Amidst the Trent Affair in 1861, President Lincoln directs his Secretary of State to meet with a British Army lieutenant—an autograph once owned by self-improvement author Dale Carnegie
ANS as president, "A. Lincoln," on an off-white 3.25 x 2 card, December 16, 1861. Handwritten note to Secretary of State William Seward, in full: "Sec. of State, please see Lieut. Webb, of the British Army." In fine condition, with toning from prior display, old mounting remnants on the back, and a barely visible collector's embossed stamp "Robt Cole" at top left. This note is published in The Collected Works of Abraham Lincoln, Volume 5, noting that it was owned by famous self-improvement writer Dale Carnegie, who authored the biography 'Lincoln the Unknown.'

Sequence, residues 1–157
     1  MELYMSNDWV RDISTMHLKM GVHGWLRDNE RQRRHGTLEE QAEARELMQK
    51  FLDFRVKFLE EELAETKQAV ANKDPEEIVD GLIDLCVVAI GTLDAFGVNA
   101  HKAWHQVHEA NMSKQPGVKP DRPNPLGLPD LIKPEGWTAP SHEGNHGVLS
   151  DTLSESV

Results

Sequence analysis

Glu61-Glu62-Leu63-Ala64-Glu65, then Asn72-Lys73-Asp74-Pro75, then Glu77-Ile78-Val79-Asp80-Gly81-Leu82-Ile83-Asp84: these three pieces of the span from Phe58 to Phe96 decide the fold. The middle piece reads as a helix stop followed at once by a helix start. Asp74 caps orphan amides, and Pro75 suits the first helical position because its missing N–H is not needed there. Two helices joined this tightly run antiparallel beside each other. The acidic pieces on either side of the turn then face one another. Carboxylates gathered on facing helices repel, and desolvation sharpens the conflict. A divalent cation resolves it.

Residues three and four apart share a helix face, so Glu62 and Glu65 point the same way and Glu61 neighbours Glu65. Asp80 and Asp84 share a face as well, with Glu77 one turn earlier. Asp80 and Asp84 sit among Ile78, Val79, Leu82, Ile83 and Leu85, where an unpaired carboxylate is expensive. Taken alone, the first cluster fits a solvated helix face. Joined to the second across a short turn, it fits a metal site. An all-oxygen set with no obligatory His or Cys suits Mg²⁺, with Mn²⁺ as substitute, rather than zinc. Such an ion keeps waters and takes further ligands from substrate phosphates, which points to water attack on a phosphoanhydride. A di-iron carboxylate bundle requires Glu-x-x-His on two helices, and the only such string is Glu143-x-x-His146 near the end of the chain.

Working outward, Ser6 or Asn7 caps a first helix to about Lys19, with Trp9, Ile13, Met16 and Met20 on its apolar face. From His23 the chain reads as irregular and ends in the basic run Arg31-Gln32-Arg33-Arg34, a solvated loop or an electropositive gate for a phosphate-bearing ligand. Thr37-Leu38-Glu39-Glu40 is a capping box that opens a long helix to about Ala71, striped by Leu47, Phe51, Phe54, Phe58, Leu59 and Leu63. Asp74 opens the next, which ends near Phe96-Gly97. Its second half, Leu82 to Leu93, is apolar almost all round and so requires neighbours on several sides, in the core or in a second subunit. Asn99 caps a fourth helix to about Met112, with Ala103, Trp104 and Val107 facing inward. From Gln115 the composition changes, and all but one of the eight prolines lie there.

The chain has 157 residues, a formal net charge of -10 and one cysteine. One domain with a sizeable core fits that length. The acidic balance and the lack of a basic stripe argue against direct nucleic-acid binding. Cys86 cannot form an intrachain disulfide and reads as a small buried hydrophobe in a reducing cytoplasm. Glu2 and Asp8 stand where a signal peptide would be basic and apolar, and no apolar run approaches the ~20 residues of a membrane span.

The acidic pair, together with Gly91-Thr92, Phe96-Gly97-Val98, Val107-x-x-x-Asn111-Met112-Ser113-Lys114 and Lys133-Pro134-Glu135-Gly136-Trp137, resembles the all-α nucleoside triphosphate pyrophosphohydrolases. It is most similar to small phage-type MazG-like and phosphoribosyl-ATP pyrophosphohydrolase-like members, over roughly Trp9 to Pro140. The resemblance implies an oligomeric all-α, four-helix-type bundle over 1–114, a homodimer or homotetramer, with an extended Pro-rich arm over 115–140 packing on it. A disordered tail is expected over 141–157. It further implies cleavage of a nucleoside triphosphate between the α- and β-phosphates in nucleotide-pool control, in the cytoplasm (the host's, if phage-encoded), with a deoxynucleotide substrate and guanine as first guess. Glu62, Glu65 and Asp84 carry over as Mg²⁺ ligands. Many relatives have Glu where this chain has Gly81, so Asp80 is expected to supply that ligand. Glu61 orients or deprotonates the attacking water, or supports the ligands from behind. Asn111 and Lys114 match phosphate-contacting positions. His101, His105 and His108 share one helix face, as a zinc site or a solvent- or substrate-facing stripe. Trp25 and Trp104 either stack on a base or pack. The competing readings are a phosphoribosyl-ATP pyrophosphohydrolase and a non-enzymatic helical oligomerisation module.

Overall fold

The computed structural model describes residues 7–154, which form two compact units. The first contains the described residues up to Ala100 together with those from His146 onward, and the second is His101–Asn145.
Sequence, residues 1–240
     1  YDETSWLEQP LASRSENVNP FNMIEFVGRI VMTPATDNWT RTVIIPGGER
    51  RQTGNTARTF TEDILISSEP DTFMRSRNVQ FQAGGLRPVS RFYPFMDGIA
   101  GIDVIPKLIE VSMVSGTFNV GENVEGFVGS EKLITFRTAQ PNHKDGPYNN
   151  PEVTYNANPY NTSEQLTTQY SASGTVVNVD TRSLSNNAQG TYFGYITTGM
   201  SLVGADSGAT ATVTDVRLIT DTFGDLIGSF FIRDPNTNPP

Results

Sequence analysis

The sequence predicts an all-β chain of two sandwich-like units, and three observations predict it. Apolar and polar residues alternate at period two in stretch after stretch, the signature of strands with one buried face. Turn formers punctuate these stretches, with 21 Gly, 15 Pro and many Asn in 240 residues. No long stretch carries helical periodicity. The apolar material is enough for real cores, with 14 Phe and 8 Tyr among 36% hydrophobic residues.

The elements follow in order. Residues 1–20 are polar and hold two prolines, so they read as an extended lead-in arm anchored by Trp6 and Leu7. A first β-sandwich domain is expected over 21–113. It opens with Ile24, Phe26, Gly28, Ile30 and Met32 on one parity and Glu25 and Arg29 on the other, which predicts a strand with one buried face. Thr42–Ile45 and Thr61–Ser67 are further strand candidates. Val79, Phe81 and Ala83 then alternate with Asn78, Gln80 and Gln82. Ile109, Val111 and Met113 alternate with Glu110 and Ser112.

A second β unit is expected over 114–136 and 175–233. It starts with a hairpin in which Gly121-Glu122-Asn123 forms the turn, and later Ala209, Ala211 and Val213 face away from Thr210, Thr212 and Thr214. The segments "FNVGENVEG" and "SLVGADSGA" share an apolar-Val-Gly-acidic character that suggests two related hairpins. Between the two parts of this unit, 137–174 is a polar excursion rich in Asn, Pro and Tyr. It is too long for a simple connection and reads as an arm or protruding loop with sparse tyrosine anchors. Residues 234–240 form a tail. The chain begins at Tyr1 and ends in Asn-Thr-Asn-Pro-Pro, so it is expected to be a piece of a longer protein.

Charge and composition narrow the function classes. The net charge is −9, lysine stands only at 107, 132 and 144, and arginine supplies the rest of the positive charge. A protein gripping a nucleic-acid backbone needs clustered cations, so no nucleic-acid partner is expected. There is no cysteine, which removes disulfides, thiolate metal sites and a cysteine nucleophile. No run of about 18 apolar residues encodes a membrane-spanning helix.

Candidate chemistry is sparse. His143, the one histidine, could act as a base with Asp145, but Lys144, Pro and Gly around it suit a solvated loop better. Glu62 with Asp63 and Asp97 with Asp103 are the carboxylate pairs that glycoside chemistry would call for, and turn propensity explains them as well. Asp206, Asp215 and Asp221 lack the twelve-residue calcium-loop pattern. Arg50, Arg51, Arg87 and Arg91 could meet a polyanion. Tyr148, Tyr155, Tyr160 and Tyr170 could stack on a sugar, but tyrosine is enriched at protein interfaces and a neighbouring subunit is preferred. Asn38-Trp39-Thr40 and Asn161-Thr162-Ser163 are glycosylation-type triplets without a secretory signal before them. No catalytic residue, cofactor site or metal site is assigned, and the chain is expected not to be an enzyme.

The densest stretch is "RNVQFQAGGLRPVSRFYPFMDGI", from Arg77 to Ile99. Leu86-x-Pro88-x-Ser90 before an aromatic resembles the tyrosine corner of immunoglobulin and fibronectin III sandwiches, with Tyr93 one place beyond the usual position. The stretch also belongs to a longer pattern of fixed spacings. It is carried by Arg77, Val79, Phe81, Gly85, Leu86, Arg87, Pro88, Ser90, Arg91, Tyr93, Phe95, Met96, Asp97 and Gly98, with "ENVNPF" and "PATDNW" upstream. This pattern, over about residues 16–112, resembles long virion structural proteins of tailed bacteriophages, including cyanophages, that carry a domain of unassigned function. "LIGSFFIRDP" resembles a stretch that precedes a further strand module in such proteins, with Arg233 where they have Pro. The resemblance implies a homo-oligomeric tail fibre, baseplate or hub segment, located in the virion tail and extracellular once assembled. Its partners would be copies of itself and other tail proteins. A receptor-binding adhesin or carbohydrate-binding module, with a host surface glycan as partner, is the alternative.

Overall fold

The Lieutenant Webb mentioned has not been identified, but was presumably interested in military or diplomatic matters amidst the Civil War's so-called 'Trent Affair.' Tensions were high between the United States and Great Britain: a month earlier, the USS San Jacinto, commanded by Union Captain Charles Wilkes, had captured the British mail packet RMS Trent and removed, as contraband of war, two Confederate diplomats who were en route to England and France to press the Confederacy's case for diplomatic recognition and to lobby for financial and military support. Lincoln feared war with Great Britain and aimed to resolve the matter through diplomacy, leaning on Secretary of State William Seward to handle the crisis. In late December, the United States released the envoys and disavowed Captain Wilkes's actions, but did not issue a formal apology. Through Lincoln's cool-headedness and Seward's artful statesmanship, the Union managed to avert war with Great Britain while dealing a blow to the Confederacy's diplomatic efforts in Europe.